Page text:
Developing collaboration skills in first year undergraduate business students

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dc.contributor.author Pratt, Jonathan en_US
dc.contributor.author Edwards, Melissa en_US
dc.contributor.author Pitsis, Tyrone en_US
dc.contributor.author Crawford, John en_US
dc.contributor.editor Davies, M; Draper, S en_US
dc.date.accessioned 2010-06-16T05:01:26Z
dc.date.available 2010-06-16T05:01:26Z
dc.date.issued 2008 en_US
dc.identifier 2008001161 en_US
dc.identifier.citation Pratt Jonathan et al. 2008, 'Developing collaboration skills in first year undergraduate business students', The University of Melbourne, Melbourne, Australia, pp. 47-58. en_US
dc.identifier.issn 9780734039064 en_US
dc.identifier.other E1 en_US
dc.identifier.uri http://hdl.handle.net/10453/12055
dc.description.abstract Collaboration skills are defined as the set of skills and capabilities required to work effectively within and across groups to achieve group goals. The development of these skills are assumed but not taught directly or evaluated in undergraduate group assessments in many university subjects. This paper discusses a research project investigating the development of student collaboration skills in the compulsory first year undergraduate subject 21129 Managing People and Organisations. One of the key aims of the subject is to help students understand and acquire a range of collaboration skills that will enhance their work readiness. During August 2008, 290 student surveys were completed by students after their initial formation into groups during tutorials. These surveys asked students about their past experiences of group work, and their expectations and motivations with respect to group work in this subject over the coming semester. A follow-up survey was conducted in November, and attempts to capture the extent of changes, if any, in student perceptions of their experience developing collaboration skills over the semester. This paper reports on the findings of stage one of this project. An overview of student attitudes and perceptions is presented, as well as findings on the systematic variation of these with respondent characteristics. The finding of a number of statistically significant associations of student satisfaction with the method of group formation employed in tutorials is then discussed as a surprise finding from this research. en_US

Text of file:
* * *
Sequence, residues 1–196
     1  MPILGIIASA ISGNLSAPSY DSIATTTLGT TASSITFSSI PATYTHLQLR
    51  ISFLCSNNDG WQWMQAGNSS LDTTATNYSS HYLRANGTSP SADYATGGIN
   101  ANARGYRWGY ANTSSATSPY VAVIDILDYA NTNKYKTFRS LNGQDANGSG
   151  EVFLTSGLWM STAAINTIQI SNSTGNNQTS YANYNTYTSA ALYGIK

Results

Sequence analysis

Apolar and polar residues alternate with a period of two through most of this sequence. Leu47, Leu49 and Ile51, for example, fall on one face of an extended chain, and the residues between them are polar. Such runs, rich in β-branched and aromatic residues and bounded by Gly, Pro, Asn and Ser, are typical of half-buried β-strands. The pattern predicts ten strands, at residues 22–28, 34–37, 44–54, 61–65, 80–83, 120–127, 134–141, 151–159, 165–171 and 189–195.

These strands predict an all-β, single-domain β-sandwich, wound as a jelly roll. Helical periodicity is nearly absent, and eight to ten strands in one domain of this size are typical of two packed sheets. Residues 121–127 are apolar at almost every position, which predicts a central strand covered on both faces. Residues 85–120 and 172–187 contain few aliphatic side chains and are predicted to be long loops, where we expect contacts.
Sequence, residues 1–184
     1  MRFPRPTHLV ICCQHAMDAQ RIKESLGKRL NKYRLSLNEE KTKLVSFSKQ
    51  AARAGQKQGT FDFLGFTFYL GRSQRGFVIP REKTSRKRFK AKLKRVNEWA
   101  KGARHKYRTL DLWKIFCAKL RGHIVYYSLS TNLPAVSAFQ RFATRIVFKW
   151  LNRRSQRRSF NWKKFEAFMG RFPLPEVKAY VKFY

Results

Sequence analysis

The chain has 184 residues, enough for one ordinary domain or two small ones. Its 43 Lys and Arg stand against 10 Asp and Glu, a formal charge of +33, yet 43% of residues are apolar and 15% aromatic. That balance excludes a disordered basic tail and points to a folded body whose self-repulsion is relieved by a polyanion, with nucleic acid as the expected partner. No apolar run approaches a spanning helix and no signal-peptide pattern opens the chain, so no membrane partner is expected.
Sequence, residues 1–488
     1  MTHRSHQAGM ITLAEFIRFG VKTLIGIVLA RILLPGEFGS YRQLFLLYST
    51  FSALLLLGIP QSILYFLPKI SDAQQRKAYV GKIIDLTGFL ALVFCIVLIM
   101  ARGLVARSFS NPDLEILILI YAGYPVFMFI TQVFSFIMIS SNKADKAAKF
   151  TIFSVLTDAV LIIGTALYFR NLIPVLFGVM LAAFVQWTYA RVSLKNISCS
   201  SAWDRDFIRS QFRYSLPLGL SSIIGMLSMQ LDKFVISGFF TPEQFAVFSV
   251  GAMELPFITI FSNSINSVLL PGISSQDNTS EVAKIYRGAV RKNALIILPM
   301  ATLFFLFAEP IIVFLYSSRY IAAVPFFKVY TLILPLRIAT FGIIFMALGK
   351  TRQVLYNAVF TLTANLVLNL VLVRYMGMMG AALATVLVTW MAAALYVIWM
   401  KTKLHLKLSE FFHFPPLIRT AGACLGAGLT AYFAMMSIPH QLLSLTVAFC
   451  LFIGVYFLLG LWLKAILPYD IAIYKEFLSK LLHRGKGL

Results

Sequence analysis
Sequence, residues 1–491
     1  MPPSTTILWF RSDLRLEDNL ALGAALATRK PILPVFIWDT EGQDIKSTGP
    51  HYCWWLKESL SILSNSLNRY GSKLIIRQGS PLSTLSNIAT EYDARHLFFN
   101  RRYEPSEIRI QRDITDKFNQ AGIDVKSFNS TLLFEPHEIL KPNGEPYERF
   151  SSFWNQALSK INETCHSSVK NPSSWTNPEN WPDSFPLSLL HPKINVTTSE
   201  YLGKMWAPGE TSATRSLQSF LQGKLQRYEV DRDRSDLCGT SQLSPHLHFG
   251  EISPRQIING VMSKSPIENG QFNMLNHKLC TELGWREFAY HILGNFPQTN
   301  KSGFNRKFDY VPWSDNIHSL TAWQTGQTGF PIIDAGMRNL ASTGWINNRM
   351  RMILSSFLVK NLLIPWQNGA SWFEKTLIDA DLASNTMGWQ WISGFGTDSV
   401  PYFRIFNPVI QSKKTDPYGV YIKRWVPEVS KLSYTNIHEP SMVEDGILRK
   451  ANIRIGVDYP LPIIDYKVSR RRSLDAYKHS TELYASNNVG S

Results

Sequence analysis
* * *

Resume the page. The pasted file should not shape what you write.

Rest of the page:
dc.language en_US
dc.publisher The University of Melbourne en_US
dc.relation.isbasedon en_US
dc.title Developing collaboration skills in first year undergraduate business students en_US
dc.parent The Quantitative Analysis of Teaching and Learning in Higher Education in Business, Economics and Commerce: Forum Proceedings en_US
dc.journal.volume en_US
dc.journal.number en_US
dc.publocation Melbourne, Australia en_US
dc.identifier.startpage 47 en_US
dc.identifier.endpage 58 en_US
dc.cauo.name BUS.School of Management en_US
dc.conference Verified OK en_US
dc.for 139900 en_US
dc.personcode 930939 en_US
dc.personcode 960823 en_US
dc.personcode 990705 en_US
dc.personcode 860001 en_US
dc.percentage 100 en_US
dc.classification.name Other Education en_US
dc.classification.type FOR-08 en_US
dc.edition en_US
dc.custom Quantitative Analysis of Teaching and Learning in Higher Education in Business, Economics and Commerce en_US
dc.date.activity 20080208 en_US
dc.location.activity The University of Melbourne en_US
dc.description.keywords Collaboration, group work, higher education, management, first year students en_US
dc.staffid en_US
dc.staffid 860001 en_US


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